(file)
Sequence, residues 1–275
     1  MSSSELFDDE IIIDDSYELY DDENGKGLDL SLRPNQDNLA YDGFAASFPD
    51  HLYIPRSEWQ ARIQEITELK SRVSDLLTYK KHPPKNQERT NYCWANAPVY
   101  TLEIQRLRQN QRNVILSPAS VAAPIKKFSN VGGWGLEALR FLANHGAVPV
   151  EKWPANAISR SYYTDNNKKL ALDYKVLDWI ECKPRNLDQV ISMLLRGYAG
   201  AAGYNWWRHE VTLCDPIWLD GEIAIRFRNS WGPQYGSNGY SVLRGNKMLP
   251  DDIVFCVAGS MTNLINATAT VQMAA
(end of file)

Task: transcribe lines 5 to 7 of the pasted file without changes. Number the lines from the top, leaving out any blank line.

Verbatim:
   151  EKWPANAISR SYYTDNNKKL ALDYKVLDWI ECKPRNLDQV ISMLLRGYAG
   201  AAGYNWWRHE VTLCDPIWLD GEIAIRFRNS WGPQYGSNGY SVLRGNKMLP
   251  DDIVFCVAGS MTNLINATAT VQMAA